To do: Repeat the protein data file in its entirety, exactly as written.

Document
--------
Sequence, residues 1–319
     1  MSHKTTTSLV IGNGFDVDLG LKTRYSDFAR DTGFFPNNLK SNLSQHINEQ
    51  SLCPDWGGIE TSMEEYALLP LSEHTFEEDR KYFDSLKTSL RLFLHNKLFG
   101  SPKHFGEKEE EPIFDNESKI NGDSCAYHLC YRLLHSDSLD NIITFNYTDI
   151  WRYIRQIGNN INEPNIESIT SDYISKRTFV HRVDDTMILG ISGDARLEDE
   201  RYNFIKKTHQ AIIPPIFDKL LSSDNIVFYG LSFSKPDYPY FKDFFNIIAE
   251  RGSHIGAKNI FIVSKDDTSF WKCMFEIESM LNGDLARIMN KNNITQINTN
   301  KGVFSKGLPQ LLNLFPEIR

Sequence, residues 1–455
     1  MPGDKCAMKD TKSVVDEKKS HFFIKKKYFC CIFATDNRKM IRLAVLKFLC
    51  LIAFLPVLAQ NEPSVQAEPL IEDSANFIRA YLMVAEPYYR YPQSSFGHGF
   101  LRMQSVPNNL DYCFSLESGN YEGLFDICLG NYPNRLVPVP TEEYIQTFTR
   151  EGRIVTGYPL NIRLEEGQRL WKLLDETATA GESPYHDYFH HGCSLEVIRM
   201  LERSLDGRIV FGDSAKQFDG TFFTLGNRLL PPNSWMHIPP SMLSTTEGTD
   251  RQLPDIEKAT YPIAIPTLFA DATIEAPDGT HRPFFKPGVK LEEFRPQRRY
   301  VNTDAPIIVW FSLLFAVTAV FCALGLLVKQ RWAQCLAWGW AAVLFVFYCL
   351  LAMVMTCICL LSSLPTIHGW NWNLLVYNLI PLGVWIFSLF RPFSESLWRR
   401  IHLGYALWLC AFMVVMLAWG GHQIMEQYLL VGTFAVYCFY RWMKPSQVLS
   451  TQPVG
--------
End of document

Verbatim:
Sequence, residues 1–319
     1  MSHKTTTSLV IGNGFDVDLG LKTRYSDFAR DTGFFPNNLK SNLSQHINEQ
    51  SLCPDWGGIE TSMEEYALLP LSEHTFEEDR KYFDSLKTSL RLFLHNKLFG
   101  SPKHFGEKEE EPIFDNESKI NGDSCAYHLC YRLLHSDSLD NIITFNYTDI
   151  WRYIRQIGNN INEPNIESIT SDYISKRTFV HRVDDTMILG ISGDARLEDE
   201  RYNFIKKTHQ AIIPPIFDKL LSSDNIVFYG LSFSKPDYPY FKDFFNIIAE
   251  RGSHIGAKNI FIVSKDDTSF WKCMFEIESM LNGDLARIMN KNNITQINTN
   301  KGVFSKGLPQ LLNLFPEIR

Sequence, residues 1–455
     1  MPGDKCAMKD TKSVVDEKKS HFFIKKKYFC CIFATDNRKM IRLAVLKFLC
    51  LIAFLPVLAQ NEPSVQAEPL IEDSANFIRA YLMVAEPYYR YPQSSFGHGF
   101  LRMQSVPNNL DYCFSLESGN YEGLFDICLG NYPNRLVPVP TEEYIQTFTR
   151  EGRIVTGYPL NIRLEEGQRL WKLLDETATA GESPYHDYFH HGCSLEVIRM
   201  LERSLDGRIV FGDSAKQFDG TFFTLGNRLL PPNSWMHIPP SMLSTTEGTD
   251  RQLPDIEKAT YPIAIPTLFA DATIEAPDGT HRPFFKPGVK LEEFRPQRRY
   301  VNTDAPIIVW FSLLFAVTAV FCALGLLVKQ RWAQCLAWGW AAVLFVFYCL
   351  LAMVMTCICL LSSLPTIHGW NWNLLVYNLI PLGVWIFSLF RPFSESLWRR
   401  IHLGYALWLC AFMVVMLAWG GHQIMEQYLL VGTFAVYCFY RWMKPSQVLS
   451  TQPVG